As Christmas approaches everyone reflects on the past and for longtime Denver residents that oftentimes means remembering one of the most significant winter storms in the Mile High City’s history – the Christmas Eve Blizzard of 1982. This major winter storm has become the one by which all others are compared not only due to its record-setting impact but also due to its timing being near Christmas.
As Christmas 1982 approached, forecasters were predicting a white Christmas several days beforehand but most were expecting a moderate snowfall of 6 inches. Two days before Christmas Eve though, the picture began to change. On the 22nd a Pacific cold front came ashore in California bringing severe rain, high surf and even hurricane force winds. As it moved east over higher terrain, it dumped 2 feet of snow in the Wasatch Mountains near Salt Lake City.
At about that same time, jet stream winds were forming a trough of low pressure over the southeastern plains of Colorado. The counterclockwise motion of the trough began to pull moist air into the state. Further east Kansas and Oklahoma experienced severe thunderstorms and even tornadoes. The winds set the stage for strong upslope conditions along the Front Range.
- In pictures – Denver’s Christmas Eve Blizzard of 1982 (Examiner.com)
- Do you remember the Christmas Eve Blizzard of ’82? Leave a comment below with your memories of this epic snowstorm. If you have photos of the event email them to firstname.lastname@example.org and we will add them to the slideshow.
Rain changed to snow on the plains and shortly before midnight on the 23rd, a full blown blizzard had developed. Denver woke to snow on the ground the morning of Christmas Eve but the storm was just getting started. Snowfall rates of 2 – 3 inches per hour were the norm during the day and winds screamed at 50mph causing wind chill temperatures to plummet to as low as -35 degrees. As conditions continued to deteriorate throughout the day, the gravity of the situation began to be realized.
Stapleton International Airport was forced closed at 9:30am on the 24th and remained closed for 33 hours and only limited operations were possible for days following the storm. Thousands of travelers were left stranded in the airport and forced to spend their white Christmas on the concourses of the facility.
Last minute Christmas shoppers quickly found themselves wishing they hadn’t procrastinated. Malls and shopping centers became refugee centers as the city shut down and roads became impassible. Mall workers were unable to go anywhere so the mall restaurants stayed open providing food for those who were stuck. For the first time in history the Denver Post and the Rocky Mountain News were unable to publish their newspapers.
4 – 10 foot snowdrifts covered many areas of the city, built by the extreme winds and snow. Every mode of transportation was paralyzed and every highway into and out of the city of Denver was closed. Many residents who were caught in the storm had to rely on the kindness of strangers for shelter or braved the blizzard trying to make their way home on foot.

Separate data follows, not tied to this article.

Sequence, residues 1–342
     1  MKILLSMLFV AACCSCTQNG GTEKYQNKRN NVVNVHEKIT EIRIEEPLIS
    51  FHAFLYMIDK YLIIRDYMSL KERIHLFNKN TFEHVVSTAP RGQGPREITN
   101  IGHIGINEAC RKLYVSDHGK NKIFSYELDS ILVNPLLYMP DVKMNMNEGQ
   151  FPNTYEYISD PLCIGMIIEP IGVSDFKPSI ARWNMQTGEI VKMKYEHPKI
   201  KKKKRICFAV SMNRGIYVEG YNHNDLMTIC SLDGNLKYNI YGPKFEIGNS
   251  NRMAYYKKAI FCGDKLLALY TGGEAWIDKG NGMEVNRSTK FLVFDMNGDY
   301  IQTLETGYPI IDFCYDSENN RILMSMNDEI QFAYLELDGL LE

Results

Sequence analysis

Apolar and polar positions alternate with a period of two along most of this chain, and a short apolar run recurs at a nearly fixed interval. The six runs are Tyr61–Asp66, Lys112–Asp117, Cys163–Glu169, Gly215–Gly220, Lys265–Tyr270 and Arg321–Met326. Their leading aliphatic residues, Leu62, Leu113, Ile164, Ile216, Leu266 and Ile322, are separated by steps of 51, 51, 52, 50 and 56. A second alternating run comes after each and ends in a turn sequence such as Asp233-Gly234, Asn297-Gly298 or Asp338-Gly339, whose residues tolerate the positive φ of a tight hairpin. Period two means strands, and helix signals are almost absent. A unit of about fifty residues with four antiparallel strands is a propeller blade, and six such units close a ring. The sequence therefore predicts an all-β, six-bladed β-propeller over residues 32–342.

The snow totals for the storm were nothing short of incredible. Golden Gate Canyon to the west of the city received 48 inches, Thornton 34 inches, Littleton 29 inches and Denver had 25 inches. Denver’s 24 hour total was a record which still stands to this day. Colorado’s bizarre weather can truly be seen also when looking at the snow total for Greeley – a mere 45 miles north of Denver – where only 1 inch of snow fell!
The aftermath of the storm took weeks to recover from and the toll was astounding. Three people died as a direct result of the storm and there were many injuries from frostbite and falls. Roofs collapsed across the city striking greenhouses especially hard whose damage alone was estimated at $5 million. Fences and trees were downed and power outages were common. The local economy took a tremendous hit as the second busiest shopping day of the year was a bust – it is estimated that area businesses lost $500 million in holiday sales.
The removal of that much snow proved to be a huge effort for residents and governments. While children happily built snow forts and tunnels the adults labored for days digging out.
For Denver mayor Bill McNichols the storm proved to be disastrous to his re-election efforts the following May. Millions of dollars was spent on snow removal but the city’s 45 snow plows simply were not capable of dealing with the sheer amount of snow.
A decision by McNichols to have trash trucks drive down the streets to compact the snow only added to the misery. The compacted snow became riddled with “snow potholes” and ruts and was barely better than when buried under snow and residents were less than pleased.
To make matters worse, the misery of the storm was only prolonged by cold weather in late December and through January which left snow on the ground for 48 consecutive days – the third longest period on record. The snow could easily have lasted longer except that perhaps mercifully, no significant snow fell for two months after the blizzard.
When the Denver mayoral elections came around the following May a young political new comer named Federico Pena defeated McNichols. Voters indicated the response to the Christmas Eve Blizzard of ’82 was one of their biggest reasons for choosing a new mayor.